The impact of the institutional framework on the management of Australia’s threatened birds
Tim Holmes, Environmental Decisions Group, School of Biological Sciences, University of Queensland
The loss of biodiversity has been well documented for decades and today the decline in biodiversity continues with most country-level indicators showing negative trends. About fifty species of mammals, birds, and amphibians move closer to extinction each year. However, without implemented conservation actions the rates of decline would be significantly greater.
Of Australia’s extant birds, 18% species require conservation action and substantial amounts are spent attempting to keep them from becoming extinct. Birds are a model group for detecting environmental change due to the low cost and relative ease of obtaining meaningful data, which is assisted by their popularity and citizen science. My study is investigating the attributes of the institutions and the species on which they work to identify the components that are important to the effectiveness and efficiency of the institutional arrangements. I am analysing and evaluating both the processes by which organisations carry out their duties and the outcomes of their operations and the study employs the use of both social and natural sciences to develop a clear understanding of the current situation regarding threatened bird conservation. The analysis will be done at a broad level including all organisations involved in the management of threatened birds, as well as through comprehensive analysis of a number of case studies. It will explore the formal components of the institutional framework such as laws, rules and organisations as well as the less formal aspects including relationships, networks, beliefs and behaviours.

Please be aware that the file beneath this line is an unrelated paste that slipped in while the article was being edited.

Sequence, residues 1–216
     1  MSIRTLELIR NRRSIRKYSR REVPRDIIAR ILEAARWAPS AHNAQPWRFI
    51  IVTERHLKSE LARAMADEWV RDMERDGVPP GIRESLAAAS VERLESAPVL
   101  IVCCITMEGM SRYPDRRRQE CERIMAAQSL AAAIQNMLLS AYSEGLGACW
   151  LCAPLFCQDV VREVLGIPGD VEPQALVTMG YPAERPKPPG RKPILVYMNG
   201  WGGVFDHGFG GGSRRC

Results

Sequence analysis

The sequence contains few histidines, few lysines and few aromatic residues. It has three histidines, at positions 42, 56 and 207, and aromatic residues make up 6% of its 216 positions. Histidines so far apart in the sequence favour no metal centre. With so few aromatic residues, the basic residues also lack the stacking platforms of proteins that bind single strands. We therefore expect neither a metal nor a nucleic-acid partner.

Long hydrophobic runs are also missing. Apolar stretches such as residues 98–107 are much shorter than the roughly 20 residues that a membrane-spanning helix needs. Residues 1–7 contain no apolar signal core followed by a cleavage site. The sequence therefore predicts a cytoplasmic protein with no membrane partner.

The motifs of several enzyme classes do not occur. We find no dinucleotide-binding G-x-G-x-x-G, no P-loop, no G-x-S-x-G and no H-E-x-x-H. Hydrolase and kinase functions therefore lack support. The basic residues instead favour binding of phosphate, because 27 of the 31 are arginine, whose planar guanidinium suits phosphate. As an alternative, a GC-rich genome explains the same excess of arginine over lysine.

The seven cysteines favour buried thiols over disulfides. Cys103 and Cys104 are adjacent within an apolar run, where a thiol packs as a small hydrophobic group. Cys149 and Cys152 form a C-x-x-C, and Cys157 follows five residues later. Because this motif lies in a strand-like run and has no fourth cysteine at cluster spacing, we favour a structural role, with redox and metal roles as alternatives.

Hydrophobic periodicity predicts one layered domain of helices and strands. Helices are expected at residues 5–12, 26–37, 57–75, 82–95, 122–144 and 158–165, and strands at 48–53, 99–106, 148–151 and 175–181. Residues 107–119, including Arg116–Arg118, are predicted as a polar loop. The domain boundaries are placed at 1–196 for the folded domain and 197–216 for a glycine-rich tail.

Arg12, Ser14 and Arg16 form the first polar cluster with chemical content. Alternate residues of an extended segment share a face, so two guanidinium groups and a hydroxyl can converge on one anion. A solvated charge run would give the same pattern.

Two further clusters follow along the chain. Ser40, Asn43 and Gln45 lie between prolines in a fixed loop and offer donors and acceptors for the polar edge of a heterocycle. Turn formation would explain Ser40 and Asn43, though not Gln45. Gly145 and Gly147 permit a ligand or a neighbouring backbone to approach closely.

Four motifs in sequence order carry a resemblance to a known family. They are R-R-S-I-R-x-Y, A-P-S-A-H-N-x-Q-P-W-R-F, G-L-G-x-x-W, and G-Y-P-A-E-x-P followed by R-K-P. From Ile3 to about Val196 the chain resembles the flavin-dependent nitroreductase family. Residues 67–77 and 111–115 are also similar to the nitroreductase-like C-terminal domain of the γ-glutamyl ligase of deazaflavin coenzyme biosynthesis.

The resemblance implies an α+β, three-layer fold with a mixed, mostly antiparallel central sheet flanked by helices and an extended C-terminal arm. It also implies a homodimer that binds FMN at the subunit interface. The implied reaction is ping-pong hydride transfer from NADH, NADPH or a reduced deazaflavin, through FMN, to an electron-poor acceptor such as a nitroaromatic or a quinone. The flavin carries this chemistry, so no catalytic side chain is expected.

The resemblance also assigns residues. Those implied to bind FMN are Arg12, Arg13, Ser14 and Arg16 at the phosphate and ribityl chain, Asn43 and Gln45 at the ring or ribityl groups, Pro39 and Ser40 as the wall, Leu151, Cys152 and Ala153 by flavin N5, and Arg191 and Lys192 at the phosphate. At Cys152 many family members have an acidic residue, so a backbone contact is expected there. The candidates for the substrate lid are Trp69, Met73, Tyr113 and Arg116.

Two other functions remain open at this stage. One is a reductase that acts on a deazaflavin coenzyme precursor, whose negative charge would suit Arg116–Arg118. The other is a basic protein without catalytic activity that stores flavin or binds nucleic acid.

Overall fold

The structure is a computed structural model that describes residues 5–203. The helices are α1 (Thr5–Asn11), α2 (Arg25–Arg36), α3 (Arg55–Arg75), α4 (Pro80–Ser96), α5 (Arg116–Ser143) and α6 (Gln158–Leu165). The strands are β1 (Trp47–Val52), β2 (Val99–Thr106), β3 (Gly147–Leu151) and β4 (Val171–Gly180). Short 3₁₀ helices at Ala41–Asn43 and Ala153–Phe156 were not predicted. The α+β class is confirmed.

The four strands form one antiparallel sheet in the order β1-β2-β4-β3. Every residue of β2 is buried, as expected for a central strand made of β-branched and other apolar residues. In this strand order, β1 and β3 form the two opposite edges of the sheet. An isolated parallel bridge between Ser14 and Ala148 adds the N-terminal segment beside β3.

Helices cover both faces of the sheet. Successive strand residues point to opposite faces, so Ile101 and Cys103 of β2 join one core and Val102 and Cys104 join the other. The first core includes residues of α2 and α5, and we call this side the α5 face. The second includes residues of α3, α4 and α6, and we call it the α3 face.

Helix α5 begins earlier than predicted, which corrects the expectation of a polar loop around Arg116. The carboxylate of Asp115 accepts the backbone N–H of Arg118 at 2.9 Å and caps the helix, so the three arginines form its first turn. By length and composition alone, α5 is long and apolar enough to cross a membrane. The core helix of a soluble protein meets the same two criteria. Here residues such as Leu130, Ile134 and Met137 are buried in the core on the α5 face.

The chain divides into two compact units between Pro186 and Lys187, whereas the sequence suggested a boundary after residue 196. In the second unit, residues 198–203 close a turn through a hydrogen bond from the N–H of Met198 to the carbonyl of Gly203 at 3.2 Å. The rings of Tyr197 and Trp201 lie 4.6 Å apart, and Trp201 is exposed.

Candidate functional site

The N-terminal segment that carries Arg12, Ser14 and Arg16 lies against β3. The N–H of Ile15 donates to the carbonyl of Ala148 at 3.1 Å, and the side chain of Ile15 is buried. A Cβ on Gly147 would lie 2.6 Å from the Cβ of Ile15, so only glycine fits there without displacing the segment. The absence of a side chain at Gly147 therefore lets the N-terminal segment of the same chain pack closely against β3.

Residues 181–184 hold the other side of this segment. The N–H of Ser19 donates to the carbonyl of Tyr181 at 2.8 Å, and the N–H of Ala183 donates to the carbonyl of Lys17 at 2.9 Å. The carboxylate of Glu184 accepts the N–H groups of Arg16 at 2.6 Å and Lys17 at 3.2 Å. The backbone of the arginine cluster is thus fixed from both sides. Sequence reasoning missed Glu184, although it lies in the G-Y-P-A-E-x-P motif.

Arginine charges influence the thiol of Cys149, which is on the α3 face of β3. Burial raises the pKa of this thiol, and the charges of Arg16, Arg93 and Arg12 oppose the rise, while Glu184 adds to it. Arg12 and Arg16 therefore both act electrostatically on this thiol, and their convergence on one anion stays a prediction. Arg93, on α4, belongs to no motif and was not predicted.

Specifically, I am seeking answers to the following questions:
These include assessing prioritising and planning processes, implementation of actions and monitoring and evaluation of organisations involved in the management of threatened birds. There are many institutions, organisations and individuals involved in attempting to improve the lot of threatened birds. These efforts, which often require significant investment, include considering needs, developing policies, passing laws, delivering programmes, educating, managing conflicts and much more. It is critical to understand what works and is worthy of investment and what does not work. This information will provide guidance on future management.
This elicits information on: management by non-government organisations versus government; few actors working on a species versus many actors; formal versus less formal partnerships or no partnerships.
I am also exploring social networks, common and important components of threatened species management facilitating the flow of information. I am analysing these networks to explore both the structural and relational properties of actors within them and how this might enhance or hinder management of threatened birds.